- The social emotion of embarrassment: Modulations of neural circuits in response to own and others’ social predicaments
- Award date
- 17 March 2016
- Number of pages
- Document type
- PhD thesis
- Faculty of Social and Behavioural Sciences (FMG)
- Psychology Research Institute (PsyRes)
Embarrassment is a so called social emotion arising during the interaction with our surrounding social world. It is present in various situations in our daily lives and holds a regulative function telling us how to perform according to prevalent norms and moral values. Due to the human ability to infer and share others' emotions, thoughts or intentions embarrassment is often also experienced vicariously for others. This thesis is focused on the neural and physiological correlates of embarrassment and its vicarious form. The main focus thereby lies on treating both as social phenomena and the implementation and development of social paradigms. The results show that during embarrassment and its vicarious form two neural networks are involved, the mentalizing network, mapping the component of thinking about the others’ evaluations, and a network comprising the anterior insula and the anterior cingulate cortex, mapping the component of affective arousal. Both networks interacted with ventral aspects of the anterior insula and the amygdala, areas closely linked to emotion processing, during the first-hand experience of embarrassment. Further, the studies could show that social closeness affected processing of vicarious embarrassment and increased interoceptive sharing of another’s embarrassment, while individuals with a diagnosis of autism spectrum disorder show deficient processing of vicarious embarrassment. Increased levels of trait social anxiety were associated with increased activations of the mentalizing network, corroborating the assumption of heightened attention to social cues and negative thoughts about others’ evaluations in social anxiety disorder.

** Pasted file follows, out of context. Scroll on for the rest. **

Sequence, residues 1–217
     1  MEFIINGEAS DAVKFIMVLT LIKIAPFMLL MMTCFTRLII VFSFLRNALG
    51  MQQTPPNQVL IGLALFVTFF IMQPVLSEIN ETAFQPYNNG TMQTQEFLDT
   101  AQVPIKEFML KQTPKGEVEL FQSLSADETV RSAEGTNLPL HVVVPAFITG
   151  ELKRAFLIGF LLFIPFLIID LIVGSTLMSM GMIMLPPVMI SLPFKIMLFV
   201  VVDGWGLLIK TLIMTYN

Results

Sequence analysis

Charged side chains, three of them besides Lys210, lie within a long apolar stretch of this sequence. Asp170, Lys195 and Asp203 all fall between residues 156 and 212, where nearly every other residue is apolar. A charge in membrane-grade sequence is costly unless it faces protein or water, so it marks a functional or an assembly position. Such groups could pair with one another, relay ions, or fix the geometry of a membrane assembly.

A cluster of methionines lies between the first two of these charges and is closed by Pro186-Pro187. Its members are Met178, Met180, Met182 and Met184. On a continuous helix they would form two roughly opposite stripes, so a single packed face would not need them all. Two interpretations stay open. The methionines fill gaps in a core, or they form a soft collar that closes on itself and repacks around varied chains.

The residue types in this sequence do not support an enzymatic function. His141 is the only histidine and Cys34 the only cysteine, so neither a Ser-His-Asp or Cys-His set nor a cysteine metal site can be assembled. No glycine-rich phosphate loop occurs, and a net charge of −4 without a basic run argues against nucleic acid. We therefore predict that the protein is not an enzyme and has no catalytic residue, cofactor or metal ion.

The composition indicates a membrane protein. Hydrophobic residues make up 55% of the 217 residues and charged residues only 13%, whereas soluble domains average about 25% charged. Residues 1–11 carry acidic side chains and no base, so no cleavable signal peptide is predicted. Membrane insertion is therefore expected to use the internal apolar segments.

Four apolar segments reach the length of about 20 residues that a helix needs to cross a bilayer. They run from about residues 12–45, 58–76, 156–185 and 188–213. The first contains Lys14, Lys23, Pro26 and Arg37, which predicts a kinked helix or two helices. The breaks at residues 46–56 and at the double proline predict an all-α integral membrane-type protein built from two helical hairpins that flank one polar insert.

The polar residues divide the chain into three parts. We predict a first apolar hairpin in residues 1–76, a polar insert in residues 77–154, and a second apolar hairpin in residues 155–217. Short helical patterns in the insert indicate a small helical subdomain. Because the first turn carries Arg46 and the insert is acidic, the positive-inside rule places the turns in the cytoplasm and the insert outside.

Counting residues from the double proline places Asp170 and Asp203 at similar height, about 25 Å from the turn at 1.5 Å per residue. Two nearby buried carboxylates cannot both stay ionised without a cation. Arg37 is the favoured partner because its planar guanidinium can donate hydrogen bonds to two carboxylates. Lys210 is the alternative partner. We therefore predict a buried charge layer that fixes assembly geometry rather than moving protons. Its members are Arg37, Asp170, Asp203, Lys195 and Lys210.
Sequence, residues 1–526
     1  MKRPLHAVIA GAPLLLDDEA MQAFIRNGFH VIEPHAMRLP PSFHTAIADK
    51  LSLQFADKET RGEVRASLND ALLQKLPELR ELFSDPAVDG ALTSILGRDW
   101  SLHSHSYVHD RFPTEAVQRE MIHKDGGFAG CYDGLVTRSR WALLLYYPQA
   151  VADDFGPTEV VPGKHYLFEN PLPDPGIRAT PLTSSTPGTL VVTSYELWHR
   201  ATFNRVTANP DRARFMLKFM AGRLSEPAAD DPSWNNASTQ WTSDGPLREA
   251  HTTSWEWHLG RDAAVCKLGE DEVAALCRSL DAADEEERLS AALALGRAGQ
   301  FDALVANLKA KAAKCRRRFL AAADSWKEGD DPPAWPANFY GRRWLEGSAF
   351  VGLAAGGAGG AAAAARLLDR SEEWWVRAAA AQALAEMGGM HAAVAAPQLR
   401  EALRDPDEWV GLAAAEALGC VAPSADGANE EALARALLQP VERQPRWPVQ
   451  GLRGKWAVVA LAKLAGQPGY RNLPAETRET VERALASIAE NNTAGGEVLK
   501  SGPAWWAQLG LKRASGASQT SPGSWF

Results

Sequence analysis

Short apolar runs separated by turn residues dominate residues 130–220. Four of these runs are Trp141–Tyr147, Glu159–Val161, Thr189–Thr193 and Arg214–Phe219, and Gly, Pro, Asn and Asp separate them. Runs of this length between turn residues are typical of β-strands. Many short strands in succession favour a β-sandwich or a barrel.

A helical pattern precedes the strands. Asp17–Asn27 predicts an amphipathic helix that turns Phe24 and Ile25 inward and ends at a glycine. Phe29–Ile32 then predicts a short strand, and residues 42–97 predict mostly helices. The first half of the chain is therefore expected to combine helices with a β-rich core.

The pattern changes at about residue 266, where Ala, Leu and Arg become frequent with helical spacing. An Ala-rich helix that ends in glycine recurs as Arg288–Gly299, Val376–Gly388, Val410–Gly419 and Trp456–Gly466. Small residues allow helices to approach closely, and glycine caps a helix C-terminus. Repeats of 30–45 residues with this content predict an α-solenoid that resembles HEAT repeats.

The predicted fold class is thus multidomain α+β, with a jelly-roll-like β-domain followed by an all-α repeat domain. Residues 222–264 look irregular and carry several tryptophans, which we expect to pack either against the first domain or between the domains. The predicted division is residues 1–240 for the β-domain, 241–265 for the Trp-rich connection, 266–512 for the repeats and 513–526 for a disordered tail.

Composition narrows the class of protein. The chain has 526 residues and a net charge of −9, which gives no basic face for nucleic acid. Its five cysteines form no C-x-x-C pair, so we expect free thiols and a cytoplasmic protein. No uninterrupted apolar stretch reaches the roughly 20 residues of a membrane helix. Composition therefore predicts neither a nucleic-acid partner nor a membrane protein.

- Research conducted at: Universiteit van Amsterdam
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